Giorgio De Chirico
Giorgio de Chirico, an Italian artist and writer, was born on July 10, 1888 in Volos, Greece to Genoan mother and Sicilian father. In the years before World War I, he founded the scuola metafisica art movement, which profoundly influenced the surrealists. After 1919, he became interested in traditional painting techniques, and worked in a neoclassical or neo-Baroque style, while frequently revisiting the metaphysical themes of his earlier work.
After studying art at Athens Polytechnic—mainly under the guidance of the influential Greek painters Georgios Roilos and Georgios Jakobides and Florence, he moved to Germany in 1906, following his father's death in 1905. He entered the Academy of Fine Arts in Munich, where he studied under Max Klinger and read the writings of the philosophers Nietzsche, Arthur Schopenhauer and Otto Weininger. There, he also studied the works of Arnold Böcklin.
He returned to Italy in the summer of 1909 and spent six months in Milan. At the beginning of 1910, he moved to Florence where he painted the first of his 'Metaphysical Town Square' series, The Enigma of an Autumn Afternoon, after the revelation he felt in Piazza Santa Croce. He also painted The Enigma of the Oracle while in Florence. In July, 1911, he spent a few days in Turin on his way to Paris. De Chirico was profoundly moved by what he called the 'metaphysical aspect' of Turin, especially the architecture of its archways and piazzas. De Chirico moved to Paris in July 1911, where he joined his brother Andrea. Through his brother he met Pierre Laprade, a member of the jury at the Salon d'Automne, where he exhibited three of his works: Enigma of the Oracle, Enigma of an Afternoon and Self-Portrait. During 1913 he exhibited paintings at the Salon des Indépendants and Salon d’Automne; his work was noticed by Pablo Picasso and Guillaume Apollinaire, and he sold his first painting, The Red Tower. In 1914, through Apollinaire, he met the art dealer Paul Guillaume, with whom he signed a contract for his artistic output.
At the outbreak of World War I, he returned to Italy. Upon his arrival in May 1915, he enlisted in the army, but he was considered unfit for work and assigned to the hospital at Ferrara. Here he met with Carlo Carrà and together they founded the pittura metafisica movement. He continued to paint, and in 1918, he transferred to Rome. Starting from 1918, his work was exhibited extensively in Europe.
De Chirico is best known for the paintings he produced between 1909 and 1919, his metaphysical period, which are characterized by haunted, brooding moods evoked by their images. At the start of this period, his subjects were still cityscapes inspired by the bright daylight of Mediterranean cities, but gradually he turned his attention to studies of cluttered storerooms, sometimes inhabited by mannequin-like hybrid figures.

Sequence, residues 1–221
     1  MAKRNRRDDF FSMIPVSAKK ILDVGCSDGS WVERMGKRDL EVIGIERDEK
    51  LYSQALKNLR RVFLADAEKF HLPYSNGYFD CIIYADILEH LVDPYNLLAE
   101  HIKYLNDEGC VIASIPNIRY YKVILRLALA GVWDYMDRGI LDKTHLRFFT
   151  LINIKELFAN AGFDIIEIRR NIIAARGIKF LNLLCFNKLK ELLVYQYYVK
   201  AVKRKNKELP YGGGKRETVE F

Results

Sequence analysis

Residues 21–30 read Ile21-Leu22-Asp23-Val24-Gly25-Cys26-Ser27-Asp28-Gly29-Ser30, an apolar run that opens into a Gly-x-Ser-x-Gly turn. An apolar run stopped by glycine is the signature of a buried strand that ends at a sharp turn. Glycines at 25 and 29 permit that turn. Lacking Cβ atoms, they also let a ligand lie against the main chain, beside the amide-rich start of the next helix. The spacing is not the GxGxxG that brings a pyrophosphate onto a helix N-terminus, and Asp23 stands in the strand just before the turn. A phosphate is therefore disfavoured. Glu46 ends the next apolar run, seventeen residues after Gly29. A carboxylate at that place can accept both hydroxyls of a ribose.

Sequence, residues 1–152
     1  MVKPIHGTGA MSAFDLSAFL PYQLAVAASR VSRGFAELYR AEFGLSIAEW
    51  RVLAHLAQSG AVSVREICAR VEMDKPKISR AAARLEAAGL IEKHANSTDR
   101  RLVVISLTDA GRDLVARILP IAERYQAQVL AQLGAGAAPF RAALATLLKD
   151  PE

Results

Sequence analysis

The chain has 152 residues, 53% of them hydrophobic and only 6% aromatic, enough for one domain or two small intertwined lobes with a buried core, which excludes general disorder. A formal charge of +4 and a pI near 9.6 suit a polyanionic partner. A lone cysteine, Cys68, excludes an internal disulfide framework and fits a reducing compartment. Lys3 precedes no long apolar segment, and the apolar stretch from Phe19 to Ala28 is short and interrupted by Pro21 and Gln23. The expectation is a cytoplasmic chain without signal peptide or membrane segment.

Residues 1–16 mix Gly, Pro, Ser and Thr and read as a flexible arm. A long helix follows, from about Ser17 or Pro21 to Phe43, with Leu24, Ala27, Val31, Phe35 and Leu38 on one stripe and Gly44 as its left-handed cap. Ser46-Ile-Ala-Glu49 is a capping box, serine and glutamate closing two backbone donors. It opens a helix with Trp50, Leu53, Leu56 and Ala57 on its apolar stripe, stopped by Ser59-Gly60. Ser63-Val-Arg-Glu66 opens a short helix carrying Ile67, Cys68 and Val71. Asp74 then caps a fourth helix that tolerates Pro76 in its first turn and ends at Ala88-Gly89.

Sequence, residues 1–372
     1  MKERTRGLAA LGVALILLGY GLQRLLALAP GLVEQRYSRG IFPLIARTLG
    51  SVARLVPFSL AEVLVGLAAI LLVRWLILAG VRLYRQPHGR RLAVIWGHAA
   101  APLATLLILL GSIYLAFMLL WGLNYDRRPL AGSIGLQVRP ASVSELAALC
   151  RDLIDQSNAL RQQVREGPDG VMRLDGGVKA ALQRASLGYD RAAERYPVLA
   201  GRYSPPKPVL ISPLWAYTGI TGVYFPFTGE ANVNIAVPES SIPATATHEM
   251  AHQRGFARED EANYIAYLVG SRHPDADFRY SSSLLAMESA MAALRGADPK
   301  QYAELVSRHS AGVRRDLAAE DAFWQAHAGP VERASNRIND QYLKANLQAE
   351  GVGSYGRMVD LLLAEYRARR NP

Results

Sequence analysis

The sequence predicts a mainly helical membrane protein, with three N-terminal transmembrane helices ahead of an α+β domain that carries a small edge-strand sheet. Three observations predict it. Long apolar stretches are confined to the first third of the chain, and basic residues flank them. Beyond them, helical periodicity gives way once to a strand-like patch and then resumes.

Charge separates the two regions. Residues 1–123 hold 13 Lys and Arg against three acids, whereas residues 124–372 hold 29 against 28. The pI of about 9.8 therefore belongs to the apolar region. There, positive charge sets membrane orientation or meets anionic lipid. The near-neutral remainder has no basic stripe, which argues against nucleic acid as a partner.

In autumn, 1919, De Chirico published an article in Valori Plastici entitled "The Return of Craftsmanship", in which he advocated a return to traditional methods and iconography. This article heralded an abrupt change in his artistic orientation, as he adopted a classicizing manner inspired by such old masters as Raphael and Signorelli, and became an outspoken opponent of modern art.
In the early 1920s, the Surrealist writer André Breton discovered one of De Chirico's metaphysical paintings on display in Guillaume's Paris gallery, and was enthralled. Numerous young artists who were similarly affected by De Chirico's imagery became the core of the Paris Surrealist group centered around Breton. In 1924 De Chirico visited Paris and was accepted into the group, although the surrealists were severely critical of his post-metaphysical work.
De Chirico met and married his first wife, the Russian ballerina Raissa Gurievich in 1925, and together they moved to Paris. His relationship with the Surrealists grew increasingly contentious, as they publicly disparaged his new work; by 1926 he had come to regard them as "cretinous and hostile". They soon parted ways in acrimony. In 1928, he held his first exhibition in New York City and shortly afterwards, London. He wrote essays on art and other subjects, and in 1929 published a novel entitled Hebdomeros, the Metaphysician. Also in 1929, he made stage designs for Sergei Diaghilev.
Giorgio de Chirico in 1970, photographed by Paolo Monti. Fondo Paolo Monti, BEIC
In 1930, De Chirico met his second wife, Isabella Pakszwer Far, a Russian, with whom he would remain for the rest of his life. Together they moved to Italy in 1932 and to the US in 1936, finally settling in Rome in 1944. In 1948, he bought a house near the Spanish Steps which is now a museum dedicated to his work.
In 1939, he adopted a neo-Baroque style influenced by Rubens. De Chirico's later paintings never received the same critical praise as did those from his metaphysical period. He resented this, as he thought his later work was better and more mature. He nevertheless produced backdated "self-forgeries" both to profit from his earlier success, and as an act of revenge—retribution for the critical preference for his early work. He also denounced many paintings attributed to him in public and private collections as forgeries. In 1945, he published his memoirs.
He remained extremely prolific even as he approached his 90th year. During the 1960s, Massimiliano Fuksas worked in his atelier. In 1974 De Chirico was elected to the French Académie des Beaux-Arts. He died in Rome on 20 November 1978.